This year’s Premier League has provided an exceptional brand of entertainment at the top of the table. This is partly due to the fact that for the first time in a long while, there is a genuine top six; all of which have at least some legitimate intentions to win the title. That there is no obvious stand out team at this point – Manchester City fans may argue this point – also contributes. The main reason, however, is just the sheer amount of goals, particularly in games between the big teams.
8-2, 1-6, 3-5, 3-1: fantastic games filled with bucket loads of goals. A number of us may pontificate on the merits of watching a tactically astute nil-nil draw but at the base level, games that have produced enjoyment are inextricably linked with the number of goals scored.
Matches between the top clubs this season seem to have led to one engrossing classic after another. For me, this can be put down to a substantial extent to the culmination of a strategy led by Roman Abramovich.
Eight and a half years have passed since Roman Abramovich quietly purchased Chelsea from Ken Bates for £140 million pounds. Three Championships have followed since but the full effect that Abramovich has had on English football is finally being felt this season.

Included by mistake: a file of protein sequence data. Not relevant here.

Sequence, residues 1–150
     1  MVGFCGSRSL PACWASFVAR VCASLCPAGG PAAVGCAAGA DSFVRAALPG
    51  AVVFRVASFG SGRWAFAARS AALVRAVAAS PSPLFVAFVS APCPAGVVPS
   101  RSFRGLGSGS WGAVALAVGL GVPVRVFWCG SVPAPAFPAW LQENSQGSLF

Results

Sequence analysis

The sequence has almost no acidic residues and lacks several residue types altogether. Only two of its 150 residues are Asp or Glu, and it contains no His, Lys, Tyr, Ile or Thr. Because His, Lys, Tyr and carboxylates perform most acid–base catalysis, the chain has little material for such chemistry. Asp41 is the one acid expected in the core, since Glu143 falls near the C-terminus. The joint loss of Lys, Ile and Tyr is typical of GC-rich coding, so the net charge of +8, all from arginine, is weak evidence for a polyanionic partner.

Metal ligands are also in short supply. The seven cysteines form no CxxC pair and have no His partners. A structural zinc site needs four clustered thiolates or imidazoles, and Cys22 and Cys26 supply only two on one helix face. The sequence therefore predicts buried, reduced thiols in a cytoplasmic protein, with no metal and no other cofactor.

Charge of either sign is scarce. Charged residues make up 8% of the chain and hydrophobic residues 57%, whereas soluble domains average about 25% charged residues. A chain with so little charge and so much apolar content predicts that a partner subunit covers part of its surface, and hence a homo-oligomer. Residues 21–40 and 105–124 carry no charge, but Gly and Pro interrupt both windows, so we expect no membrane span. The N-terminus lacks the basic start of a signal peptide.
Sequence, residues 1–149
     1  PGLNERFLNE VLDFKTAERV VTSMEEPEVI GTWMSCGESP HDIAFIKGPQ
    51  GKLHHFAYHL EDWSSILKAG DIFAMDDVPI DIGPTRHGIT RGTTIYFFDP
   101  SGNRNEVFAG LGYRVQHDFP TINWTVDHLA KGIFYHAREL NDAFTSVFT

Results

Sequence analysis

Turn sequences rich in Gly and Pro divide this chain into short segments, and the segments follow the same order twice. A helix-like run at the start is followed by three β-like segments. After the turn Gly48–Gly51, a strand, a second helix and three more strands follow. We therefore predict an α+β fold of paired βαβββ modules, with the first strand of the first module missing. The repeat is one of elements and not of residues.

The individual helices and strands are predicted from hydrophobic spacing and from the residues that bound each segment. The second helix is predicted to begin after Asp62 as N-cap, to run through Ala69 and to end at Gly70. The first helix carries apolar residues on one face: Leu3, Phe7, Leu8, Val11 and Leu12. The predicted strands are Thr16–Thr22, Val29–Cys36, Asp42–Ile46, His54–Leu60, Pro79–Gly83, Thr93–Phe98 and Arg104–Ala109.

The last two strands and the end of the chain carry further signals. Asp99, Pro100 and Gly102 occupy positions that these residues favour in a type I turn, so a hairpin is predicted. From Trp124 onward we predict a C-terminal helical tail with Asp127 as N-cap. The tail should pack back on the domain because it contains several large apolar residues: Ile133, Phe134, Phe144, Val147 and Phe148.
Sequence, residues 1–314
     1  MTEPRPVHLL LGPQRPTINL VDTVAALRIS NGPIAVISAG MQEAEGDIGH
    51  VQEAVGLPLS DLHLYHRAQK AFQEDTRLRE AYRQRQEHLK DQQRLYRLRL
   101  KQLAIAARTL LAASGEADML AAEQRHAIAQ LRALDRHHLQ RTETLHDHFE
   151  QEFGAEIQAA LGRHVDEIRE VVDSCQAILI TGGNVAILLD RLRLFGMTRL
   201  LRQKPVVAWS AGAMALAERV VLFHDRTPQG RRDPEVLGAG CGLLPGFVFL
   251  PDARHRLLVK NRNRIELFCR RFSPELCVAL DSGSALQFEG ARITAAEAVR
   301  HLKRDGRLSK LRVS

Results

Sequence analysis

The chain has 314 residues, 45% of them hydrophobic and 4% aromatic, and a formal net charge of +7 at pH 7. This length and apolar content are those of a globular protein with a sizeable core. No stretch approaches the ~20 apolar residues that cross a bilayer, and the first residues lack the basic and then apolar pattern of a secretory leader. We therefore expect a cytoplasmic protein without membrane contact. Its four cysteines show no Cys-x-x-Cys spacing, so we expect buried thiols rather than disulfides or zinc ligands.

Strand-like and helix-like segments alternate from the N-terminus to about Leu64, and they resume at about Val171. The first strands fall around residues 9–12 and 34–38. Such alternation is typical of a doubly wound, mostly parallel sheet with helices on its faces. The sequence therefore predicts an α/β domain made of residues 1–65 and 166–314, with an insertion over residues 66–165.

The Russian billionaire has given very short shrift to managers. Jose Mourinho brought unprecedented success to Stamford Bridge. He wrapped up two titles in convincing style and looked like forming the beginnings of a dynasty. This did not seem to be enough for Abramovich though.
Amongst a whole host of other problems (outlined in an article here) Abramovich tired of watching his team grind out victories, with Mourinho using his favoured defensive 4-3-3/4-5-1 formation. Mourinho was asked to leave, starting a trend of managers being given very little leeway.
This is wholly understandable though. Abramovich has bought the club for a lot of money and has invested a lot since. Does this not give him a right to demand a certain style from his club and manager? Why would you want to pay all that money to buy football that you do not enjoy watching? When you buy a toy, you buy one with bells and whistles, not one that is gruellingly efficient.
The expensive arrival of Villas-Boas and his immediate insistence of a playing style packed with attacking threat and flair is testament to this. For Abramovich, using his millions to secure exciting, aesthetic football seems to have become more of a priority.
Now that Manchester City are also the plaything of a billionaire, I believe we are seeing the same thing there. Perhaps success is most important for them at present, as it was for Abramovich at the start, but we have seen a marked change in manner that they are playing this year too. Possibly this is down to the entrance of more potent offensive options and the settling of a core group of players but I also think it is likely that the owners are having a similar influence to that of Abramovich in demanding more stylish football, sometimes to the detriment of their defensive play.
The billionaires have a lot to answer for in how English football has developed, very little of it good. For me though, their influence is helping create one of the best seasons, that certainly I remember watching.